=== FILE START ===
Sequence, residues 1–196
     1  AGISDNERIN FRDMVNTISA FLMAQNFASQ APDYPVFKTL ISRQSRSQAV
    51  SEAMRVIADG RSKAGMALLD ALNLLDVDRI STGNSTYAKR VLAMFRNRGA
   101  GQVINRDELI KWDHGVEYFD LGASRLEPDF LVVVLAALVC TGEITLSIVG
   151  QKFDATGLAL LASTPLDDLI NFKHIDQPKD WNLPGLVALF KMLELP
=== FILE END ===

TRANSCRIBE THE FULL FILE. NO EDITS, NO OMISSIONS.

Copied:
Sequence, residues 1–196
     1  AGISDNERIN FRDMVNTISA FLMAQNFASQ APDYPVFKTL ISRQSRSQAV
    51  SEAMRVIADG RSKAGMALLD ALNLLDVDRI STGNSTYAKR VLAMFRNRGA
   101  GQVINRDELI KWDHGVEYFD LGASRLEPDF LVVVLAALVC TGEITLSIVG
   151  QKFDATGLAL LASTPLDDLI NFKHIDQPKD WNLPGLVALF KMLELP